News and notes from around the interweb:
- The next time your airline tells you to be excited about their investment in biometric boarding, remember this is about government tracking you not the airline helping you. The ACLU is suing over an FBI program to track everyone’s faces.
The FBI is currently collecting data about our faces, irises, walking patterns, and voices, permitting the government to pervasively identify, track, and monitor us. The agency can match or request a match of our faces against at least 640 million images of adults living in the U.S.
…For instance, the FBI recently claimed to Congress that the agency does not need to demonstrate probable cause of criminal activity before using its face surveillance technology on us. FBI witnesses at a recent hearing also could not confirm whether the agency is meeting its constitutional obligations to inform criminal defendants when the agency has used the tech to identify them. The failure to inform people when face recognition technology is used against them in a criminal case, or the failure to turn over robust information about the technology’s error rates, source code, and algorithmic training data, robs defendants of their due process rights to a fair trial.
- 3 in 4 female business travelers report being harassed during work trips
- Facebook shuts down Airbnb guest blacklisting group and investigates another group meant for shaming guests.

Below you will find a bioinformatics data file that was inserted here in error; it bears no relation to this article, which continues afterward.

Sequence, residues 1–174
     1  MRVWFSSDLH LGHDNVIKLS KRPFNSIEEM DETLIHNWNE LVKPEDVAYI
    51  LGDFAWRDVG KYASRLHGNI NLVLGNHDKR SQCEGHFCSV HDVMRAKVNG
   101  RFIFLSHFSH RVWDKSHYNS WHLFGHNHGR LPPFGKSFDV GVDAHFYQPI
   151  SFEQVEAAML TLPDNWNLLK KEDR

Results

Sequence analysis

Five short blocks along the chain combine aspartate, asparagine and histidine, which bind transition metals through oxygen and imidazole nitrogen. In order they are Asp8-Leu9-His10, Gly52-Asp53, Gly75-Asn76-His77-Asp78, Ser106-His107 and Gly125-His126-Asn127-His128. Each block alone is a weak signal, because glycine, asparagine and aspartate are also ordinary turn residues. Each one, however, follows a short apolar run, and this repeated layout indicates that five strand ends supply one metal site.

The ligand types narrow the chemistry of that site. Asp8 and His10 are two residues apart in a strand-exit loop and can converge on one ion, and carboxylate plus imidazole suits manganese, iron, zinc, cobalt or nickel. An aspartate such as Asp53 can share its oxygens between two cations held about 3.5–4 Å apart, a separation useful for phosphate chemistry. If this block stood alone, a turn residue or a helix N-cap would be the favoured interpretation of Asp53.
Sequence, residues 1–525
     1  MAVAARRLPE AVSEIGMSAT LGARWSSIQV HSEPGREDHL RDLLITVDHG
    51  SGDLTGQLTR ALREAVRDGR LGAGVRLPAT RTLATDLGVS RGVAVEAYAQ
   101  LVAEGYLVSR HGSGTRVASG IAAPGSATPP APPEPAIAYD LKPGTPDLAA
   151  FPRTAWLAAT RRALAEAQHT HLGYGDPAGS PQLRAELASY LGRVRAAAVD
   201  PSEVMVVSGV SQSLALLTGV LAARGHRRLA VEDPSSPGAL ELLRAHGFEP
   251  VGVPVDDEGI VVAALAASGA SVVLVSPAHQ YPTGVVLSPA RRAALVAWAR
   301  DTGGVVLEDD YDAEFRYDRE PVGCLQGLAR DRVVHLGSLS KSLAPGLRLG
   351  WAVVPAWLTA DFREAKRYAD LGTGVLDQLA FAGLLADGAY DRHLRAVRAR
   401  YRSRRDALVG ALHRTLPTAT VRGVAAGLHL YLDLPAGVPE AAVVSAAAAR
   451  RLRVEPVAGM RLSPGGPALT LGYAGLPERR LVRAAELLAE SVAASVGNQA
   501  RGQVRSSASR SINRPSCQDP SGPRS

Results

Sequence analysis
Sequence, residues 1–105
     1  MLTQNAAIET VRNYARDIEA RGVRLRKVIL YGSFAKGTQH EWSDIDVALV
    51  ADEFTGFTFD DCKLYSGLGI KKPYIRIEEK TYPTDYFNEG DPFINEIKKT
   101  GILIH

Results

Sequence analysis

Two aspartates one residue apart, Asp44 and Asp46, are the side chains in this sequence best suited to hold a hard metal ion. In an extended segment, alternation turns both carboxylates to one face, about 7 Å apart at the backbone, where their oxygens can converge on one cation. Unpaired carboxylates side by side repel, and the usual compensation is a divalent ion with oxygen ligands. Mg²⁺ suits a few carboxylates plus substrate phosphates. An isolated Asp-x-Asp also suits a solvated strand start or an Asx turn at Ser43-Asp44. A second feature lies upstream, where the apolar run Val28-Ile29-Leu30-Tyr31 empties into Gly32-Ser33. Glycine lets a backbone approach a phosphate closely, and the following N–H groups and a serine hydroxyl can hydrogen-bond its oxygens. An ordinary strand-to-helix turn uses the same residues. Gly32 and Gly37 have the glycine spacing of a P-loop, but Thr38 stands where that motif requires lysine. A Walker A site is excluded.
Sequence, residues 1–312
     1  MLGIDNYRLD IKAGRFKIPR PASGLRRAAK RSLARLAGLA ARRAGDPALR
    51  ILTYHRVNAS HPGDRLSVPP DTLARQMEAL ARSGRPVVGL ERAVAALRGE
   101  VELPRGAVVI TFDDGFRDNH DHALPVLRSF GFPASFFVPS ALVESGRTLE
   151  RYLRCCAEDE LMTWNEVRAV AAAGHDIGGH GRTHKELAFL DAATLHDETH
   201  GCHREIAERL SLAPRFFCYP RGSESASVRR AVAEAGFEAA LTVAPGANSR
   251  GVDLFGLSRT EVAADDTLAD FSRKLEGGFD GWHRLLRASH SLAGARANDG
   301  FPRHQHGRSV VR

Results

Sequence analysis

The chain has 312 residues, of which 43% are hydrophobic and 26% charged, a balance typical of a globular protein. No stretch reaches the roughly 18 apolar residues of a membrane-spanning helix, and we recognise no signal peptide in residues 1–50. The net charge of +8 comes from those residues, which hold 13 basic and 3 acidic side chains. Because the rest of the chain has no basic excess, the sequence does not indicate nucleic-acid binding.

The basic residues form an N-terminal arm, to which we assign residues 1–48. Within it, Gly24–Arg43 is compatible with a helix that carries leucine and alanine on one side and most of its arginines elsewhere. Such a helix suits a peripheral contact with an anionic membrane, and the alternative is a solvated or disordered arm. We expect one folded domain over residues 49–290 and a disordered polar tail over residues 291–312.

In nominally private Facebook groups such as Airbnb Host Community — Vent, Recommend, and Discuss, and Airbnb Guests Blacklist, hosts post photos with full names of guests behaving badly or those whom they consider to be problems. They also rant about not wanting to rent to guests who are Chinese, people who are more than 70 years old, retired women travelers, and other groups, for example.
- Willie Walsh, CEO of British Airways parent company IAG, plans to step down within the next two years. Customers and employees alike rejoice.
- Some airlines are charging to use the power outlet at your seat
- Alitalia has been Delta’s for the taking and they’ve been tempted but so far the deal has been too stinky to touch. Now Lufthansa says they’d be willing to come back in with up to 200 million euros – but the kicker, as always, is that they won’t do the deal without union concessions. The unions kill this airline every time, and the government lacks credibility to say if the unions don’t relent they’ll stop pumping in government subsidies.
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